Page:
Race on down and grab a copy. Or you can order online through The Bookshop.
Sex bots, first porn, D/s, Spock and Kirk, phone sex or not, The Sims, lockdown – interviews, essays, first-person memoir, fiction and poetry.
Bent Street 4.1—Love from a Distance shines a light on the role of technologies in shaping human intimacy within the broader frame of COVID-19 and lockdown. Writers, academics, artists and poets reflect on the role that technologies, old and new, play in mediating human intimacy and shaping queer culture.
A webinar, presented by the Australian Research Centre in Sex, Health and Society, LaTrobe, to explore the role of new technologies in shaping human sex and intimacy, issues that have been starkly highlighted during the restrictions on human contact imposed globally in response to the COVID-19 pandemic. Papers and content from speakers at this webinar will feature in the upcoming Bent Street 4.1.
· The ways in which technologies produce human intimacy in sometimes unexpected ways
· New ways that people seek intimacy and navigate cultures of sex and intimacy using digital technologies
· How technologies mediate human connection in ways that reform and expand possibilities for sex and intimacy
Sexuality, sex, and sexual health research is a major strength of La Trobe University. This seminar brings together speakers from the leading international sexuality research centres:
Professor Suzanne Fraser
Director of the Australian Research Centre in Sex, Health and Society, La Trobe University and Visiting Professorial Fellow at the Centre for Social Research in Health at the University of New South Wales, Australia
Dr Amanda Gesselman
Associate Director for Research, Head of Research Analytics and Methodology Core, Anita Aldrich Endowed Research Scientist, The Kinsey Institute, Indiana University, USA
Dr Jamie Hakim
Lecturer in Media Studies, University of East Anglia, UK
Gender, Sexuality and Human Rights theme, Transforming Human Societies Research Focus Area, Sexuality & Gender: Health, Equality and Justice research cluster, School of Humanities and Social Sciences and the Australian Research Centre in Sex, Health and Society, La Trobe University
This event will be livestreamed over Zoom. The seminar is open to all attendees, but to reduce the chance of disruptions, we ask that you register your email address.
This event will not be live-captioned, but we may be able to supply a transcript afterwards if you would like one. If you have any specific accessibility requirements, please let us know and we will make every effort to accommodate you.
This month sees the release of Bait and Switch and Other Stories by Ashley Sievwright – Bent Street contributor and consulting fiction editor.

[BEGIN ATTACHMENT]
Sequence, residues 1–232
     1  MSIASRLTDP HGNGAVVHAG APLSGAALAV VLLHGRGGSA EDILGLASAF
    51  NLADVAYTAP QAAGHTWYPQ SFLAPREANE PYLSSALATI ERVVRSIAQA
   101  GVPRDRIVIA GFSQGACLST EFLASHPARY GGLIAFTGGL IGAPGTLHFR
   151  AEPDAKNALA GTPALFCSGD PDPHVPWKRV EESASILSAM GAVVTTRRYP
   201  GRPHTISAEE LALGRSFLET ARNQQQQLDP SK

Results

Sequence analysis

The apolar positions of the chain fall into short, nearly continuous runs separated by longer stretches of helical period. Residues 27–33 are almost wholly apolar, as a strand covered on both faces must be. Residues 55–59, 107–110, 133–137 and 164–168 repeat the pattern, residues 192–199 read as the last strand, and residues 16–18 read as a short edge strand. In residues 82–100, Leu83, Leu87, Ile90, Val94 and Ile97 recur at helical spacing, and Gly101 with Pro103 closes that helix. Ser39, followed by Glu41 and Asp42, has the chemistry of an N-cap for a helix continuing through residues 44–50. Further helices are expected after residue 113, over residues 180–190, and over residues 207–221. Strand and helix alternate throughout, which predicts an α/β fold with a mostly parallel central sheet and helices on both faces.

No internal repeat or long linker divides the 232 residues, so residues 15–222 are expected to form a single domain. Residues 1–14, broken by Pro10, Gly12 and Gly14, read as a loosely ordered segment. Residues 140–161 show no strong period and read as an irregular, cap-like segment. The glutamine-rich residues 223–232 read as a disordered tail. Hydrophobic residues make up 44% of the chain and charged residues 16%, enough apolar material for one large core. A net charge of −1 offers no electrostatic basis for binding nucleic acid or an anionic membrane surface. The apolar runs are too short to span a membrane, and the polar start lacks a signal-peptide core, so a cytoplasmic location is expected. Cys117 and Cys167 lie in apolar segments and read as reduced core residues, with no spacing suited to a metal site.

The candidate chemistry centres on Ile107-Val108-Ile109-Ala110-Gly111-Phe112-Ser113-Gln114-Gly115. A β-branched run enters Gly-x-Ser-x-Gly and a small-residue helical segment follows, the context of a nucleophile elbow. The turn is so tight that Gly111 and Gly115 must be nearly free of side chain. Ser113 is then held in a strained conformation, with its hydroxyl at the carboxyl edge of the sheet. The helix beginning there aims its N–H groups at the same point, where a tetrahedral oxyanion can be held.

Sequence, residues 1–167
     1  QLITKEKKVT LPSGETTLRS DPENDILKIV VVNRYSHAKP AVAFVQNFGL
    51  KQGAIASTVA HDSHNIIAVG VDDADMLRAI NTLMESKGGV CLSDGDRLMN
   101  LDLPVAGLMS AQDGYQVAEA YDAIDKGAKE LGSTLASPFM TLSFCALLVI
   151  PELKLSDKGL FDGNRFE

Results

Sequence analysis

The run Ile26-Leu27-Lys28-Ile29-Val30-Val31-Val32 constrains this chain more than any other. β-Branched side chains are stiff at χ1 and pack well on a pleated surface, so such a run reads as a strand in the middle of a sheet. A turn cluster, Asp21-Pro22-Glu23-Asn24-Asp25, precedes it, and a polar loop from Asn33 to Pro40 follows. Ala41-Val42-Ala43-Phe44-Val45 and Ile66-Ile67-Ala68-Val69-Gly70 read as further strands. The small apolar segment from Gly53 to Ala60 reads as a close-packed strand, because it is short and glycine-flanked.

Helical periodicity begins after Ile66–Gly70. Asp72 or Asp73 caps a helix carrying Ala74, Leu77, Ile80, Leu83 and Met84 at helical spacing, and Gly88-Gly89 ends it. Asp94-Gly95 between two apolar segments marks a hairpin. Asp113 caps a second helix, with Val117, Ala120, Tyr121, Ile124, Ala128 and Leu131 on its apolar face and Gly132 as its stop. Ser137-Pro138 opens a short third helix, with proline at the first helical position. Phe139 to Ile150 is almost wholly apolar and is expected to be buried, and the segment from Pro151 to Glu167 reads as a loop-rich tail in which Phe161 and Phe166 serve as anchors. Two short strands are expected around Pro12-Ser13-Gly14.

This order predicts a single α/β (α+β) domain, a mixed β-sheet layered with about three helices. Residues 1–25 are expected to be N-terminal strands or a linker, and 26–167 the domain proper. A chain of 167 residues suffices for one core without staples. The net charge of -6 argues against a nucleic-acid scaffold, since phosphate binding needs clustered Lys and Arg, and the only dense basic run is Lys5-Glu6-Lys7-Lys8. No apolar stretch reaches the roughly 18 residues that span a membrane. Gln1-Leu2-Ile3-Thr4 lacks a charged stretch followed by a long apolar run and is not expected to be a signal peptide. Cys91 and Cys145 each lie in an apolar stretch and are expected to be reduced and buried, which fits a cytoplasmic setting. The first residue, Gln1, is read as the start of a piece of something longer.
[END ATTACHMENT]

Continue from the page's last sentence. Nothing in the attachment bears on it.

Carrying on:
Eight stories of love, friendship, and indifference.
From teenage memories of staying with a cross-dressing cousin in Kings Cross, to estranged siblings scattering the ashes of a family member, not to mention perplexing encounters in Jordan, these eight stories reflect on family, friendship, desire and belonging and the ‘weight of inherited sorrow’ that each of us carries.
Ashley Sievwright is the author of the novels The Shallow End (Shortlisted for the Commonwealth Writers Prize Best First Novel) and Walter; and co-author of the non-fiction A Year of Lighthouses and Another Year of Lighthouses. Ashley Sievwright lives in Melbourne.
Also available from all online platforms (Amazon, Booktopia etc, Apple, Kindle, Google Play), or order through your bookshop. Bookshops and libraries can order through Lightning Source.
Given the COVID 19 restrictions we are hoping to have some innovative launch events later.
Bait and Switch and Other Stories by Ashley Sievwright is published by Clouds of Magellan Press, publisher of Bent Street. Clouds of Magellan is open to manuscript submissions from Bent Street contributors only.
Songs of the Godforsaken is a new chapbook of poems from Bent Street contributor John Bartlett. The collection, published by Picaro Poets, put me [GT] in mind of a lovely collection – Heaven’s Backyard by David Lander (Collins Dove 1984). John catches a poetic thermal from St Augustine, the prophets and the Evangelists, as well as suicide bombers, iPhone upgrades, and refugees who fall from aeroplanes. He reflects on his father, on people no longer with us, yet who remain to trouble our journey. Hints of late Clive James. A fantastic collection with memorable words and images. Nature and popular culture rub shoulders here, and there are warm/hot night encounters for the discerning reader. I particularly liked ‘The Song The Wind Sings’ (‘You hear them on train tracks / those voices of departure, / the songs of farewell …’). Visit John at https://beyondtheestuary.com/ and listen to his podcasts, or buy the chapbook.